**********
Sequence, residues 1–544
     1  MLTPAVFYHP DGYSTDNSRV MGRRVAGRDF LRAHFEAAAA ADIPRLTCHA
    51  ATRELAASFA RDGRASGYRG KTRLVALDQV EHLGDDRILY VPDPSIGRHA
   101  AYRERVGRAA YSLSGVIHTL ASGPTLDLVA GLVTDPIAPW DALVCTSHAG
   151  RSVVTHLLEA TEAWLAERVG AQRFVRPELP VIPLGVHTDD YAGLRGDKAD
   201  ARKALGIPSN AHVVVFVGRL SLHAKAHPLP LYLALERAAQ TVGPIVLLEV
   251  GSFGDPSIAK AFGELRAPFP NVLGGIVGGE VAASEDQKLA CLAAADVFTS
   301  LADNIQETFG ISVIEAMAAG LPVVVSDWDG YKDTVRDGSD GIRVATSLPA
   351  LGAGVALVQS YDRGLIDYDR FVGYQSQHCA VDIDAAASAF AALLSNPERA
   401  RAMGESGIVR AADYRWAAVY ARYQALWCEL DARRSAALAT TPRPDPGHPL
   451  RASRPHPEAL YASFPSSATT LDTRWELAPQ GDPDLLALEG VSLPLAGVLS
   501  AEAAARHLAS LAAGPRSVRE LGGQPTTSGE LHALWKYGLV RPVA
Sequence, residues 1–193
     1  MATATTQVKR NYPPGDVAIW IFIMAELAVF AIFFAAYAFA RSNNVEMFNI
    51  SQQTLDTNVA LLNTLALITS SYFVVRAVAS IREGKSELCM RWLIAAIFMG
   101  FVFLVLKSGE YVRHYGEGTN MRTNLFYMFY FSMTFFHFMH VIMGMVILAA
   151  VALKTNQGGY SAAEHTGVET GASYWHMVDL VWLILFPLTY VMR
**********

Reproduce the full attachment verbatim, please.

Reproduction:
Sequence, residues 1–544
     1  MLTPAVFYHP DGYSTDNSRV MGRRVAGRDF LRAHFEAAAA ADIPRLTCHA
    51  ATRELAASFA RDGRASGYRG KTRLVALDQV EHLGDDRILY VPDPSIGRHA
   101  AYRERVGRAA YSLSGVIHTL ASGPTLDLVA GLVTDPIAPW DALVCTSHAG
   151  RSVVTHLLEA TEAWLAERVG AQRFVRPELP VIPLGVHTDD YAGLRGDKAD
   201  ARKALGIPSN AHVVVFVGRL SLHAKAHPLP LYLALERAAQ TVGPIVLLEV
   251  GSFGDPSIAK AFGELRAPFP NVLGGIVGGE VAASEDQKLA CLAAADVFTS
   301  LADNIQETFG ISVIEAMAAG LPVVVSDWDG YKDTVRDGSD GIRVATSLPA
   351  LGAGVALVQS YDRGLIDYDR FVGYQSQHCA VDIDAAASAF AALLSNPERA
   401  RAMGESGIVR AADYRWAAVY ARYQALWCEL DARRSAALAT TPRPDPGHPL
   451  RASRPHPEAL YASFPSSATT LDTRWELAPQ GDPDLLALEG VSLPLAGVLS
   501  AEAAARHLAS LAAGPRSVRE LGGQPTTSGE LHALWKYGLV RPVA
Sequence, residues 1–193
     1  MATATTQVKR NYPPGDVAIW IFIMAELAVF AIFFAAYAFA RSNNVEMFNI
    51  SQQTLDTNVA LLNTLALITS SYFVVRAVAS IREGKSELCM RWLIAAIFMG
   101  FVFLVLKSGE YVRHYGEGTN MRTNLFYMFY FSMTFFHFMH VIMGMVILAA
   151  VALKTNQGGY SAAEHTGVET GASYWHMVDL VWLILFPLTY VMR